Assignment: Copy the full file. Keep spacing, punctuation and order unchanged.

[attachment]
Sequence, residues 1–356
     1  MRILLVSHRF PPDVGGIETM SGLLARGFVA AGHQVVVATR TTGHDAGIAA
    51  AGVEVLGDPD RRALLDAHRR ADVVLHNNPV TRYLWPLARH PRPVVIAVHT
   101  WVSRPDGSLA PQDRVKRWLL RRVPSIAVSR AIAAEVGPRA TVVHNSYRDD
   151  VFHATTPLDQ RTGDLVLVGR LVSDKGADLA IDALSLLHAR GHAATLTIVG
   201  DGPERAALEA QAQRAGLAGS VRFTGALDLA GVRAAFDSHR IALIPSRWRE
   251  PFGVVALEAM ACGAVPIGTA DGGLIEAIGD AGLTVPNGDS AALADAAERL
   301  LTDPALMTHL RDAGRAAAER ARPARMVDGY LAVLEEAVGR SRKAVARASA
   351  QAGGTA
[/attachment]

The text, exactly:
Sequence, residues 1–356
     1  MRILLVSHRF PPDVGGIETM SGLLARGFVA AGHQVVVATR TTGHDAGIAA
    51  AGVEVLGDPD RRALLDAHRR ADVVLHNNPV TRYLWPLARH PRPVVIAVHT
   101  WVSRPDGSLA PQDRVKRWLL RRVPSIAVSR AIAAEVGPRA TVVHNSYRDD
   151  VFHATTPLDQ RTGDLVLVGR LVSDKGADLA IDALSLLHAR GHAATLTIVG
   201  DGPERAALEA QAQRAGLAGS VRFTGALDLA GVRAAFDSHR IALIPSRWRE
   251  PFGVVALEAM ACGAVPIGTA DGGLIEAIGD AGLTVPNGDS AALADAAERL
   301  LTDPALMTHL RDAGRAAAER ARPARMVDGY LAVLEEAVGR SRKAVARASA
   351  QAGGTA